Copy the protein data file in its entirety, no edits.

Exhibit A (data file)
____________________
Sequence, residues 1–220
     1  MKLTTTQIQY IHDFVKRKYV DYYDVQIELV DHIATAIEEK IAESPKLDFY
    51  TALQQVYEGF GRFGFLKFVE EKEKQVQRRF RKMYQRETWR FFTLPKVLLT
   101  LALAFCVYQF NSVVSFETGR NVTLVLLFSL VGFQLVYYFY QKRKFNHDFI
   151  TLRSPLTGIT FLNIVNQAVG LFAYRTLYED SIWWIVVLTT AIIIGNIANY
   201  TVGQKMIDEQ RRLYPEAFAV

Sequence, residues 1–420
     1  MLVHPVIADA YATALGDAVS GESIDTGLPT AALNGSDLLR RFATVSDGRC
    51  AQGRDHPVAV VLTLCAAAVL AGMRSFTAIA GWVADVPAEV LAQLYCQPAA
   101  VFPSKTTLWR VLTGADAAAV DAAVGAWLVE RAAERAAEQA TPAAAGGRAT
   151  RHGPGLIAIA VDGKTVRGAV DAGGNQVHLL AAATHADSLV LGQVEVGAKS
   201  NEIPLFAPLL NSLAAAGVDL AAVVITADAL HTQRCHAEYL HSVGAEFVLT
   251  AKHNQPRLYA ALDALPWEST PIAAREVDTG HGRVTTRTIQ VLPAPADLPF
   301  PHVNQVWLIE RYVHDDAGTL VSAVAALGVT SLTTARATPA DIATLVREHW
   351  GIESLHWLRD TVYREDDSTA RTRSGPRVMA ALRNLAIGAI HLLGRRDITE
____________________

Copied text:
Sequence, residues 1–220
     1  MKLTTTQIQY IHDFVKRKYV DYYDVQIELV DHIATAIEEK IAESPKLDFY
    51  TALQQVYEGF GRFGFLKFVE EKEKQVQRRF RKMYQRETWR FFTLPKVLLT
   101  LALAFCVYQF NSVVSFETGR NVTLVLLFSL VGFQLVYYFY QKRKFNHDFI
   151  TLRSPLTGIT FLNIVNQAVG LFAYRTLYED SIWWIVVLTT AIIIGNIANY
   201  TVGQKMIDEQ RRLYPEAFAV

Sequence, residues 1–420
     1  MLVHPVIADA YATALGDAVS GESIDTGLPT AALNGSDLLR RFATVSDGRC
    51  AQGRDHPVAV VLTLCAAAVL AGMRSFTAIA GWVADVPAEV LAQLYCQPAA
   101  VFPSKTTLWR VLTGADAAAV DAAVGAWLVE RAAERAAEQA TPAAAGGRAT
   151  RHGPGLIAIA VDGKTVRGAV DAGGNQVHLL AAATHADSLV LGQVEVGAKS
   201  NEIPLFAPLL NSLAAAGVDL AAVVITADAL HTQRCHAEYL HSVGAEFVLT
   251  AKHNQPRLYA ALDALPWEST PIAAREVDTG HGRVTTRTIQ VLPAPADLPF
   301  PHVNQVWLIE RYVHDDAGTL VSAVAALGVT SLTTARATPA DIATLVREHW
   351  GIESLHWLRD TVYREDDSTA RTRSGPRVMA ALRNLAIGAI HLLGRRDITE